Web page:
WHATCHA GOT? Cows, pigs, maple syrup, all work for a trade-in at Vt. dealership
Car dealer and free-trader Gardner Stone: "I feel everything is worth something."
Published in Automotive News Oct. 29, 2012
There's no Blue Book value for pigs, cows or maple syrup.
But Gardner Stone has taken all of those as trade-ins from customers of his Ford and GMC dealership in rural Vermont.
He boldly claims the business, G. Stone Motors, "will take anything in trade." He really means it.
"I feel everything is worth something," says Stone, 71. "Lots of times you'll get into the middle of a deal and the customer won't be able to go any further. So we always ask them, 'What else you got that you're not using?'"
Stone has been bartering antiques, livestock and other oddities with car and truck shoppers for nearly 50 years. He says such transactions represent about 20 percent of his sales.
Recently, his unique business approach caught the attention of a production studio, Lionsgate, which thought the dealership would be an ideal subject for a reality show.
A pilot the company filmed tested well, and GSN -- formerly the Game Show Network -- ordered a season of eight half-hour episodes. Filming just wrapped up after about six weeks, and the show, titled "Family Trade," is planned for sometime in 2013.
"Gardner is a great businessman, and he really goes by his gut," says David Schiff, GSN's senior vice president for programming and development. "The variety of things that come in that door are so unique and so interesting and so much fun."
Stone initially thought someone was playing a prank on him when Lionsgate broached the idea. He agreed to do the show as long as it was not staged and depicted his dealership conducting business the same way it normally does.
"I'm very adamant about making this a legitimate thing," Stone says. "I can't stand these reality shows that you just know aren't right. We don't know where any of the deals are going to go prior to negotiating on the air."
Stone founded a used-car lot in his lifelong hometown of Middlebury in 1974, gaining GMC and Ford franchises in the 1980s. In 1993 he became one of the first Hummer dealers.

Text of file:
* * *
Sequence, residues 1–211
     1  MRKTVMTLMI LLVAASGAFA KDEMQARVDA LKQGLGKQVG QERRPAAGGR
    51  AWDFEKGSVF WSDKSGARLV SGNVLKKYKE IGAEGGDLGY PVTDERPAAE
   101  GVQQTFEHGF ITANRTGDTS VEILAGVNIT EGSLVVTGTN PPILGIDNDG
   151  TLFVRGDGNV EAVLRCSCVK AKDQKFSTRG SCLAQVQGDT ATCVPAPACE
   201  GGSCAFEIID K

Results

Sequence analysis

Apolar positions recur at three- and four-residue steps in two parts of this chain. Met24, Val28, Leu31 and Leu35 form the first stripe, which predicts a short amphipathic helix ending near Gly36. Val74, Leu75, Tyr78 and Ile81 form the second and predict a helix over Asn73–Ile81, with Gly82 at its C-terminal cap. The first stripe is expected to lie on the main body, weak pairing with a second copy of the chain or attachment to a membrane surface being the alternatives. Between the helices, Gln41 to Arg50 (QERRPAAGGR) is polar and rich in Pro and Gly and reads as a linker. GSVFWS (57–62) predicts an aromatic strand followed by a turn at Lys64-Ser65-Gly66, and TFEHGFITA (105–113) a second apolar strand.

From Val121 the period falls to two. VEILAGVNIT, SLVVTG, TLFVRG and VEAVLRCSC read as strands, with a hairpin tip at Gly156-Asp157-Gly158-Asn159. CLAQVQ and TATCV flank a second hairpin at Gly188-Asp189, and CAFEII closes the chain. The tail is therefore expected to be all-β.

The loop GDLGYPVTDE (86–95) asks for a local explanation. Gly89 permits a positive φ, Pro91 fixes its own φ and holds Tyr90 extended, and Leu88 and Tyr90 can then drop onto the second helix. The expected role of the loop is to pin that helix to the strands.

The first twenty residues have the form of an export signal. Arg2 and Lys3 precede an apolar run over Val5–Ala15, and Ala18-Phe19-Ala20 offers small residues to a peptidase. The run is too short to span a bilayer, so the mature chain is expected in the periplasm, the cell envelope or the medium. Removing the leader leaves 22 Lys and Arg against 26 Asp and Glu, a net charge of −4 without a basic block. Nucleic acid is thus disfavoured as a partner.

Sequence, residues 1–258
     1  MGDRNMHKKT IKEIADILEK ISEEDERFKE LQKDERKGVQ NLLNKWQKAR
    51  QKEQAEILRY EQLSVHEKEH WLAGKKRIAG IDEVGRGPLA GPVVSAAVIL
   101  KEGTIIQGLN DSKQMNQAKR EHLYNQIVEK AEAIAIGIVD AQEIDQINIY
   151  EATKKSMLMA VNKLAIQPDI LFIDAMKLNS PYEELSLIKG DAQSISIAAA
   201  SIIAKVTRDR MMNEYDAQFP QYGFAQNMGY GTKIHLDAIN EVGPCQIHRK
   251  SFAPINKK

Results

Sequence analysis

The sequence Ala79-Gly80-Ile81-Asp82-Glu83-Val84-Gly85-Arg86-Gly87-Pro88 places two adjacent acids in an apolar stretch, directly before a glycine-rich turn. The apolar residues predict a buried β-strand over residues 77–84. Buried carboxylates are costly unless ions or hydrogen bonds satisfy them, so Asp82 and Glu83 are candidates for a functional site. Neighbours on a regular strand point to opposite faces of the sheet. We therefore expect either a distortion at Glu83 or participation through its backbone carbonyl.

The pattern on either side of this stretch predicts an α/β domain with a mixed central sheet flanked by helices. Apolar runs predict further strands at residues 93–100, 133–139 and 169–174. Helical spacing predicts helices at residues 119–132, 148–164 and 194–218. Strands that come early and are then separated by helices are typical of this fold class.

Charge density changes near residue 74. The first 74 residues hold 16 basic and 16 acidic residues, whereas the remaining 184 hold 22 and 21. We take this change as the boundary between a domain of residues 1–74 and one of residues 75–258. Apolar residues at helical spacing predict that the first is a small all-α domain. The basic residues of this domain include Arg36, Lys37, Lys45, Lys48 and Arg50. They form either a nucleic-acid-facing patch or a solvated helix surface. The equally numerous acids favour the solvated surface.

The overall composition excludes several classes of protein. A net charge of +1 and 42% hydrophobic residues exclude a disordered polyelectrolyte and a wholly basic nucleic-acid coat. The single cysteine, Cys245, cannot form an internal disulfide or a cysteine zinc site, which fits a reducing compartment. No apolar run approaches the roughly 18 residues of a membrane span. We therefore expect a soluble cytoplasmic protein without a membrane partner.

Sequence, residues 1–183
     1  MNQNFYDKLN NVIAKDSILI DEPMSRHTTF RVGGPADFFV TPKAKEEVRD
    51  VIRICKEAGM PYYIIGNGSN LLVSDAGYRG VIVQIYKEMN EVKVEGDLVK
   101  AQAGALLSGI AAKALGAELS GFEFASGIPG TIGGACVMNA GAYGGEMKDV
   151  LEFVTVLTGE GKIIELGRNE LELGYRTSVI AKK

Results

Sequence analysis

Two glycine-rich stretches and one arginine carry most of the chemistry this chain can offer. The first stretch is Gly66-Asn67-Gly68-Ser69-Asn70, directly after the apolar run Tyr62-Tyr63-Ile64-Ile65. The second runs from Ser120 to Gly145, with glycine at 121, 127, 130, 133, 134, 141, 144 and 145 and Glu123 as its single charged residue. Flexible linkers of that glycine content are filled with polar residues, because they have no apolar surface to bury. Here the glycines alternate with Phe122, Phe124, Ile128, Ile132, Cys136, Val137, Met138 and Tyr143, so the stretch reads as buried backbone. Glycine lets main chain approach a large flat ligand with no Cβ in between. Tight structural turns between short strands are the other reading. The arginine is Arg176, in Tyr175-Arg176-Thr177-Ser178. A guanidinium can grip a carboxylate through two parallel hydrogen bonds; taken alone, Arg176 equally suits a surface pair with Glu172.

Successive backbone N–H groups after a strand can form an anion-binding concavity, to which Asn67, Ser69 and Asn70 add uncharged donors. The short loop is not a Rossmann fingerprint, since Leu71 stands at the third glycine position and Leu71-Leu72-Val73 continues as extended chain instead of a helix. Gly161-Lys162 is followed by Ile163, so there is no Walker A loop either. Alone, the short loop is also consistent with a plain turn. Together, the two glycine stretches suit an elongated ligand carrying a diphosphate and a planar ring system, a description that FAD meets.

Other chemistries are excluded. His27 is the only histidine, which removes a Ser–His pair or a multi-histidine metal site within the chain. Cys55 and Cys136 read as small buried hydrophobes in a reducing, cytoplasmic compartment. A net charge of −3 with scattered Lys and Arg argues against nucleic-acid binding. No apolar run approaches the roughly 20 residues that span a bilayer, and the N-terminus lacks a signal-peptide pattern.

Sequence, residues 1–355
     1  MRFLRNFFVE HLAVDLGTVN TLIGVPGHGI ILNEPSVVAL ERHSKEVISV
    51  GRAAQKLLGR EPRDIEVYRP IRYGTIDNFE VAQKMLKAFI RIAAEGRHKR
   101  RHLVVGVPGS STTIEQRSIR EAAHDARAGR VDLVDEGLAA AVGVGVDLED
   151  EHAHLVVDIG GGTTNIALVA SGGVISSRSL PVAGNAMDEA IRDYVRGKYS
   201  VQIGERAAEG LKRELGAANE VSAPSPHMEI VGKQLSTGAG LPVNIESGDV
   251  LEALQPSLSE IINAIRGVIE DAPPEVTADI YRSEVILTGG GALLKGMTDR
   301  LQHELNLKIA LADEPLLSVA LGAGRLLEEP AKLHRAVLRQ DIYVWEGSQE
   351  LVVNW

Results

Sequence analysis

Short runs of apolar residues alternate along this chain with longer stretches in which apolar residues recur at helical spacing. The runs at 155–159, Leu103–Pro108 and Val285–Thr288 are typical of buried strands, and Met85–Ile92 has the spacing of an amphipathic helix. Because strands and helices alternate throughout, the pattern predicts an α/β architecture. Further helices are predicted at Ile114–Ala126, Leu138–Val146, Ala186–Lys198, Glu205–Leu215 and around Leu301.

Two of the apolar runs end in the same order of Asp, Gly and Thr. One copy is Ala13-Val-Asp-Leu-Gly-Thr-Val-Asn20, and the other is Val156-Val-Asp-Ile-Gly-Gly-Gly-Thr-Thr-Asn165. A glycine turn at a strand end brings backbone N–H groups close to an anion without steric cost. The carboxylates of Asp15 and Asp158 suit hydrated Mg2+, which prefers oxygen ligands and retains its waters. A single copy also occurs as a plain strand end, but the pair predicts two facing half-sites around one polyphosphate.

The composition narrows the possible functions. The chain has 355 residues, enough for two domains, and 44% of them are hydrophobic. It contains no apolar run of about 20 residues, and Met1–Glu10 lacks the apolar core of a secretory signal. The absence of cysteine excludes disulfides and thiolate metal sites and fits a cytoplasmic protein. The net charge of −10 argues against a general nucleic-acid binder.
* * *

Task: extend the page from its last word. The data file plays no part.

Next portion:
Stone's son and daughter grew up around the dealership and now help run it; Todd manages the main dealership and Darcy oversees a commercial division that sells trucks and trailers.
A prominent aspect of "Family Trade" is the younger Stones having to figure out how to turn the items their father accepts into cash. They use eBay and Craigslist for a lot of the acquisitions and know people that will repeatedly buy certain things, such as tractors.
Many of the items are displayed for sale in the showroom, while animals typically are either sent to a nearby auction barn, sold to local farmers or temporarily housed on one of his children's pastures. (They're currently creating a bigger pasture.)
"It works for us," says Todd Stone, 44, who grew up watching his father wheel and deal and expects he will continue the tradition after eventually taking over. "It's helped us get some deals that we wouldn't have gotten, and most of the time we do make good money, Even if we break even, we still sold the automobile, and we made money on that."
'Roll the dice'
Gardner Stone, a veteran of the Vermont Air National Guard, is a champion tractor puller who used four jet engines to create a 12,000-hp flame-throwing tractor named "The General." He says he doesn't spend much time evaluating or researching items before offering an appraisal. "We shoot from the hip," he says. "We don't definitely know where we're going to place everything. You just roll the dice, but at least you make a deal."
He adds, "We win more than we lose."
G. Stone is not the only auto dealership that accepts unusual trade-ins, but few get more adventurous than boats, all-terrain vehicles and the like. The business, which sells about 400 new and 250 used vehicles a year, is receiving compensation, which neither the dealership nor GSN would disclose, but Schiff of GSN says the Stones are "not getting rich off it."
"They're not going to give outrageous amounts of money just for the television show," says Schiff, whose network is also developing a similar show about a cash-for-gold emporium. "They really have to make a deal. There's a lot of tension in these negotiations."
In the pilot episode, which has not been broadcast publicly, one customer traded in 30 gallons of maple syrup from his farm. Another deal involved several pigs. Negotiations over a hot-air balloon fell apart.
This month G. Stone sold a Ford F-550 by closing a $2,500 gap with an antique phone booth, desk and Victrola phonograph.
Another deal just closed with Stone taking possession of a 21/2-year-old heifer. "We were down to $1,500, and I just couldn't make the guy move," Stone says. "He said, 'I have some beef cattle.'"
The cow later sold for $1,000, Todd Stone says.
Over the years, Gardner Stone says he has agreed to take airplanes, pool tables, cowboy boots, horses, donkeys, a barber chair and land in the Florida Keys.
"If you can think of it," he adds, "I've probably negotiated on it."
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